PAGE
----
Clinical Review

Diagnosis and management of hyperhidrosis

BMJ 2013; 347 doi: http://dx.doi.org/10.1136/bmj.f6800 (Published 25 November 2013) Cite this as: BMJ 2013;347:f6800
  1. R A Benson, vascular research fellow1,
  2. R Palin, general practitioner 2,
  3. P J E Holt, senior lecturer, honorary consultant in vascular surgery3,
  4. I M Loftus, consultant/reader in vascular surgery1
  1. 1St George’s Vascular Institute, St George’s Hospital, London SW17 0QT, UK
  2. 2East Leicestershire and Rutland Clinical Commissioning Group, Leicester, UK
  3. 3Department of Outcomes Research, St George’s Hospital, London, UK
  1. Correspondence to: R A Benson ruth.benson{at}gmail.com
  • Accepted 4 November 2013

Summary points

  • The prevalence of hyperhidrosis is estimated at 1%, but it is probably much higher owing to low levels of reporting to primary care

  • Onset tends to be at puberty, when axillary apocrine glands start to function, making axillary hyperhidrosis the most common type

  • Although prevalence is equal among the sexes, women are more likely to present to primary practice

  • Initial treatment in primary care should include lifestyle and behavioural advice and topical agents

  • If this approach does not work, refer to a dermatologist

  • Sympathectomy is reserved for people in whom conservative measures are ineffective or poorly tolerated, and who accept the risk of compensatory hyperhidrosis

Primary hyperhidrosis is characterised by sweating in excess of that needed for normal thermoregulation.1 The condition often goes unreported because of embarrassment,2 and management is hindered by a poor evidence base and lack of clinical guidelines. Anxiety about social situations and relationships, and problems with daily living, such as an inability to hold a pen at work, can affect quality of life.3 Hyperhidrosis may be associated with bromhidrosis (unpleasant odour) from the byproducts of bacteria that colonise sweaty areas.4 5 Subjective perceptions of the condition’s impact on the person’s life, and therefore its severity, can make confirmation of diagnosis and effective management challenging.6 This review aims to provide an update on identifying this condition, instigating appropriate management, and when to refer to a specialist.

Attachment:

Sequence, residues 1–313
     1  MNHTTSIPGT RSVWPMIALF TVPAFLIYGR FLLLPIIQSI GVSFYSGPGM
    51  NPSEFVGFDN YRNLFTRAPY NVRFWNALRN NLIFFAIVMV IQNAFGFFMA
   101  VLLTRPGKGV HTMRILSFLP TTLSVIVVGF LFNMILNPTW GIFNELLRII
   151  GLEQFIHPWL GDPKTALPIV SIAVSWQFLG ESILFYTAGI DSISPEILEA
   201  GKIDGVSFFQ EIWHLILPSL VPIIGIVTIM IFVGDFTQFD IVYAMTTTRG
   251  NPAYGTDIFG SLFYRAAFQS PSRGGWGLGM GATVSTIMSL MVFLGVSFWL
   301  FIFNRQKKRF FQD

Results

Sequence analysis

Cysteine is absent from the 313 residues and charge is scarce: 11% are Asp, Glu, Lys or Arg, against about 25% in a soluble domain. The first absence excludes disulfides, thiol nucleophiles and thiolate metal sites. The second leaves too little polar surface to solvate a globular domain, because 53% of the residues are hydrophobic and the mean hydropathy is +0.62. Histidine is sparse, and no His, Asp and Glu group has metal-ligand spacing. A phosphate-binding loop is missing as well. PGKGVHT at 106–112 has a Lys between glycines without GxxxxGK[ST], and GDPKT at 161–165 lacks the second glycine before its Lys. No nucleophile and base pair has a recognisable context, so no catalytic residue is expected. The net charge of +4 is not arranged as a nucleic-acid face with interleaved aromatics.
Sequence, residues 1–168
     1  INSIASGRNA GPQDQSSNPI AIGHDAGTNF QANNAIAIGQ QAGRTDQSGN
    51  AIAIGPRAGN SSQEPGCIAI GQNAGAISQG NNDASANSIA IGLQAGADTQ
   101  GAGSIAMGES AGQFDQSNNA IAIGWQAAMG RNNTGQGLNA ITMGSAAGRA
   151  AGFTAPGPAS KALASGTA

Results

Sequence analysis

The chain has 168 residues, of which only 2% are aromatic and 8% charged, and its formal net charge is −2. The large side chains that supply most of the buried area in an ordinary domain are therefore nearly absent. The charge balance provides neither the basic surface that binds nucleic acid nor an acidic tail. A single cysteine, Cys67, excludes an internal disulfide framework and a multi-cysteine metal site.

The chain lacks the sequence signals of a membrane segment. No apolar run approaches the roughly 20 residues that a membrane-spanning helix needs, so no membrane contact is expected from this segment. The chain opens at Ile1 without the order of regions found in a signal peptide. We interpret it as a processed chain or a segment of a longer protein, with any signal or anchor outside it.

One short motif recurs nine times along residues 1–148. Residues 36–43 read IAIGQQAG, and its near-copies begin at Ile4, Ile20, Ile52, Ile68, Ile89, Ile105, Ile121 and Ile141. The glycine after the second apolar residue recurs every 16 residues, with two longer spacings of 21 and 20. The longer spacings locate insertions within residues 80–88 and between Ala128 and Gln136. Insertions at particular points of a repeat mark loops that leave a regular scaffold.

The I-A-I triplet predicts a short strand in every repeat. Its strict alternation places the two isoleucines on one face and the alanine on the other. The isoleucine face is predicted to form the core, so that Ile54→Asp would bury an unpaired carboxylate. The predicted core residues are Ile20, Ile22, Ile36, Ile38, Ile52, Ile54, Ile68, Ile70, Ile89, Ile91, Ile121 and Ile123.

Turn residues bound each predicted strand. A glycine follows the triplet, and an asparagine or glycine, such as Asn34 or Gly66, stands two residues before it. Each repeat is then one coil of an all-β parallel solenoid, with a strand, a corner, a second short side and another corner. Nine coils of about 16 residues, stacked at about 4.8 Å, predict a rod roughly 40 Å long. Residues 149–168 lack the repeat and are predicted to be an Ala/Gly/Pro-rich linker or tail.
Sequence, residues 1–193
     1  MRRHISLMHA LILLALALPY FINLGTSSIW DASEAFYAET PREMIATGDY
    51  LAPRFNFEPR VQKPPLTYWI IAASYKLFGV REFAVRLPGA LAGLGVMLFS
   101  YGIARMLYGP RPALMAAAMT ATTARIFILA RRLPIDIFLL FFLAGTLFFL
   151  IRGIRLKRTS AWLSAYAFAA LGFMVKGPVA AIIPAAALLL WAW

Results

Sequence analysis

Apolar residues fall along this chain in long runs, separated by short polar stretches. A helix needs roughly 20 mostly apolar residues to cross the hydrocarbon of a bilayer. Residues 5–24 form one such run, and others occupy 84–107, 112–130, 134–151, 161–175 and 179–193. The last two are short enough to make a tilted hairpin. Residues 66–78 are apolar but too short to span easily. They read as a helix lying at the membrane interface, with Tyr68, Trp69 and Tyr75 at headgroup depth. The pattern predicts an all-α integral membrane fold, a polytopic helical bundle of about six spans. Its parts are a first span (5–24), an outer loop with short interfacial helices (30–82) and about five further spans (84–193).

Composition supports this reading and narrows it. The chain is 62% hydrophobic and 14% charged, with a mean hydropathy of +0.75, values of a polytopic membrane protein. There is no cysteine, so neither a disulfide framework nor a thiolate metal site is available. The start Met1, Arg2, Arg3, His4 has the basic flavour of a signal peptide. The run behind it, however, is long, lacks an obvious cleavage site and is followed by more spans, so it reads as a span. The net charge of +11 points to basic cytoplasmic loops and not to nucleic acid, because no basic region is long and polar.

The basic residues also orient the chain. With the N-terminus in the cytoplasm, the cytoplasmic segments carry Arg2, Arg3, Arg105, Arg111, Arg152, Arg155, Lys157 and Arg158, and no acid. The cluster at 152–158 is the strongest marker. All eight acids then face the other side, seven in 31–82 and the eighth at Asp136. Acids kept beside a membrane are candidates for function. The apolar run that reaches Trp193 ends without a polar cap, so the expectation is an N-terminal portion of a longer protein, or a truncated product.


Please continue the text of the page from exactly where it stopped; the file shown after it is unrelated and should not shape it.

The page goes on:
Sources and selection criteria

We searched Medline, Embase, and the Cochrane database. Terms used alone and cross referenced were hyperhidrosis, botulin, iontophoresis, tumescent liposuction, oral therapy, topical therapy, and sympathectomy. We considered reviews, meta-analyses, randomised and non-randomised controlled trials, and large case series (owing to the lack of large volume trials). When possible, we used trials published within the past 10 years. The evidence for many treatments used in primary …

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